Connecting the Smart Contract to a WebApp

The final step in the development of our smart contract is to distribute it through a Web application so that people can interact with it through a Web Browser + Metamask.

As a reference, the simple Web application we will build should resemble this mock Up.


A possible Web development framework we can use is React.

We need to create a robust client-side application that can manage the Private keys of the users safely, on their machines, and only send signed transactions through the network, to be included in the Ethereum blockchain.

  1. Let’s start by installing create-react-app.
$ npm install -g create-react-app
  1. Then, inside our application directory, we will run the command:
$ create-react-app lottery-react

The lottery-react directory should have the next structure, once the creation process ends.

  1. Let’s run the server to check that everything is working correctly so far:
$ cd lottery-react
$ npm run start
  1. We can see a live version of the WebApp by opening the servers tab and clicking on the node server.
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We should see a live application running from our workspace, deployed to the WorldWideWeb.


The link, to Learn React, is a good start if the next steps feel overwhelming.
Or just for a brush in JS Web development.

Now that we know that the server is running, we can begin our integration process.

  1. We will create a symbolic link, symlink, to reference our compiled Smart Contract to the new React application.
$ ln -s /projects/lotteryapp/build/contracts/ /projects/lotteryapp/lottery-react/src

The symlink will create a file that will let us interact with the ABI (abstract-binary-interface), and deployment address of our lottery contract.

  1. Inside our src sub-directory, we will create two new files:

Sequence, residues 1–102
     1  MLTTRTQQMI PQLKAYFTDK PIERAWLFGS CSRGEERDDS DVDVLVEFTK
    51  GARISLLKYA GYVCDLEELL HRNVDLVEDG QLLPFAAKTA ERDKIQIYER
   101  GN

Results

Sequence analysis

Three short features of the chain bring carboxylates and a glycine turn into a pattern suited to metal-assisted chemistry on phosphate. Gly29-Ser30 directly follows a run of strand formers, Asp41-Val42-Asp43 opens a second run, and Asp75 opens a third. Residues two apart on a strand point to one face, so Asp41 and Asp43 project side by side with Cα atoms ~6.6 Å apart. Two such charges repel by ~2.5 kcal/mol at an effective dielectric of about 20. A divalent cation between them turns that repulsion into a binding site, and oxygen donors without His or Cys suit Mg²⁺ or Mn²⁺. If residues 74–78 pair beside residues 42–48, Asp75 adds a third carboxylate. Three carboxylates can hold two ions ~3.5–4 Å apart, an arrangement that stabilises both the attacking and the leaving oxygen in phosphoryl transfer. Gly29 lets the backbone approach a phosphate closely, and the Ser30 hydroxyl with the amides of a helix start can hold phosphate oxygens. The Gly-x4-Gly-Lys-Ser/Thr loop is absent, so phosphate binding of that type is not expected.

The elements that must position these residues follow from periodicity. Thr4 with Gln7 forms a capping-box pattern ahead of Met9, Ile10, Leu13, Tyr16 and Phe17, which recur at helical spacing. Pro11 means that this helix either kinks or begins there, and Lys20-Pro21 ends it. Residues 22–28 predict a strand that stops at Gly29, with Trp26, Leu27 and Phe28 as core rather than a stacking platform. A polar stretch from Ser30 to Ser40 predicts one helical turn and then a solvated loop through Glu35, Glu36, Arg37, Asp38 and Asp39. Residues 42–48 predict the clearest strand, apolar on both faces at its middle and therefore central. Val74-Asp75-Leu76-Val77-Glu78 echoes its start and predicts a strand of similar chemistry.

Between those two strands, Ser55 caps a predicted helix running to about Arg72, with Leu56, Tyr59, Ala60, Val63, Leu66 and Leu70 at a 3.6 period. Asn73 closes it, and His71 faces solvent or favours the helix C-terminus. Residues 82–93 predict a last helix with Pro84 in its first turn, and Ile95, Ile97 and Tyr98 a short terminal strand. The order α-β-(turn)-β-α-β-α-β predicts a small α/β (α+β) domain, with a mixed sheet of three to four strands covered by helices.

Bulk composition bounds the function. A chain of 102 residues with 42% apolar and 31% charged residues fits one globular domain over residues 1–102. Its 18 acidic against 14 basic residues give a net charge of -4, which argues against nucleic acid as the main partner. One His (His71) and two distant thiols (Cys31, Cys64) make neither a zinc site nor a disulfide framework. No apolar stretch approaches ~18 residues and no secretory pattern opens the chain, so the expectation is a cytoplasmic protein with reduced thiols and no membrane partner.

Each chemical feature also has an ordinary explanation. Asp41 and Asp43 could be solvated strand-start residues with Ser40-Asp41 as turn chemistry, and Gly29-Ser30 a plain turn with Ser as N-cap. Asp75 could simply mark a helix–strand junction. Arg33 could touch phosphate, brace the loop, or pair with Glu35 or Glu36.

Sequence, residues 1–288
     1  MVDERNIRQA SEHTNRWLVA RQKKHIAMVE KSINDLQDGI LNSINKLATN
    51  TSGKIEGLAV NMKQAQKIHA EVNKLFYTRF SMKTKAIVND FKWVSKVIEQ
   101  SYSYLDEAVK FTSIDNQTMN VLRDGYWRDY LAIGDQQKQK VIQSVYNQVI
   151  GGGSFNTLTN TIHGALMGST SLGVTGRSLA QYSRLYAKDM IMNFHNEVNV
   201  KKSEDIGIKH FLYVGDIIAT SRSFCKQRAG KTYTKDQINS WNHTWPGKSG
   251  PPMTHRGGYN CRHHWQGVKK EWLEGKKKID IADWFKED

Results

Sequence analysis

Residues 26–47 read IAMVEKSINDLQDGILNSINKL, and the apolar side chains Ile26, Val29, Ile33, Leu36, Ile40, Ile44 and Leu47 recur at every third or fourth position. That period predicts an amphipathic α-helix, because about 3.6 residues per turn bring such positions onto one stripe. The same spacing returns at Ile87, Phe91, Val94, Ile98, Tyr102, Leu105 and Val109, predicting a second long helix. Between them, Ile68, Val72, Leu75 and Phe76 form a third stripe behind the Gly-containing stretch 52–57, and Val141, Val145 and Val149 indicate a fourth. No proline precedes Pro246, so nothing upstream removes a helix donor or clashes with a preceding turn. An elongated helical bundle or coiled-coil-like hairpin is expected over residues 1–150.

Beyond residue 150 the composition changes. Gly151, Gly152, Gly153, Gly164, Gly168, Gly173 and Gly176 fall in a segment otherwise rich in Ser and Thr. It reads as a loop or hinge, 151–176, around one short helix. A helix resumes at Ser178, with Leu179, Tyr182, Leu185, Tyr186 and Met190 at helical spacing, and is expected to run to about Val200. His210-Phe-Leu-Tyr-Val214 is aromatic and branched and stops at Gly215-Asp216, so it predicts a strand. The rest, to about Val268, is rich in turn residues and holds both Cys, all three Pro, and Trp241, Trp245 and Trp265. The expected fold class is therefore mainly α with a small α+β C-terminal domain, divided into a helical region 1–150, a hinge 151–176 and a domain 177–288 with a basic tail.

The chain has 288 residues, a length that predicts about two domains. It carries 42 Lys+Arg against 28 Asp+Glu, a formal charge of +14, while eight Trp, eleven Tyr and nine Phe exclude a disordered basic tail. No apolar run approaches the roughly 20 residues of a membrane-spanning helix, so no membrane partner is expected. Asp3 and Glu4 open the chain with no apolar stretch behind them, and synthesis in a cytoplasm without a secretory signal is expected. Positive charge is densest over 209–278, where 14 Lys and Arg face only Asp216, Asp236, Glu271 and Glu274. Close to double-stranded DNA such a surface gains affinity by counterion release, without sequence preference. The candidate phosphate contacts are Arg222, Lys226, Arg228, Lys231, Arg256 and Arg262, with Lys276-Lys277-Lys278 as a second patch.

$ touch web3.js lottery.js
  1. Editing web3.js:

A. First, inside web3.js, we will write 3 lines, to instantiate a Web3 object that uses the web3 provider injected by Metamask in the browser of each user.


B. To make sure to have web3 in our system:

$ npm install -g web3
  1. Editing lottery.js:

A. Import the instance of web3 we just created, as well as the Lottery.json file from the contracts symlink.


B. In the lottery_json there constant, we can now find the ABI of our lottery contract, as well as the address of its deployment.


C. In the last line, we create and export an instance of our lottery contract, so we can use it in our WebApp.

  1. It is time to edit the App.js file.

A. The last 2 lines reference the web3.js and lottery.js files we just created.


B. We then create our React component along with 5 state variables, which will be used to show information to the user.


C. Next, put the UI elements in place. More details for beginner developers in the appendix.


D. Now, we integrate the HTML + JS functionality with the power of the Ethereum Smart Contracts.


Once the development of our WebApp has finished, it is time to run the app with the command:

$ npm run start

Head to the URL where our workspace exposes the server, and manually test the application.

MetaMask considerations

  • Remember to Configure Metamask, with the 12-mnemonic words generated in the deployment process, or otherwise, the selectWinner function won’t be able to be triggered.
  • It is also important to set the network for the Ropsten test network so that the Metamask can interact with the deployed contract.

Lottery WebApp

Once the application runs, you can retrieve the live URL from the workspace info by clicking on the button “Retrieve”.

Below are some sample images of the working WebApp:


Initial State


Enter Lottery


Selecting Winner - account different than manager


Selecting Winner - manager account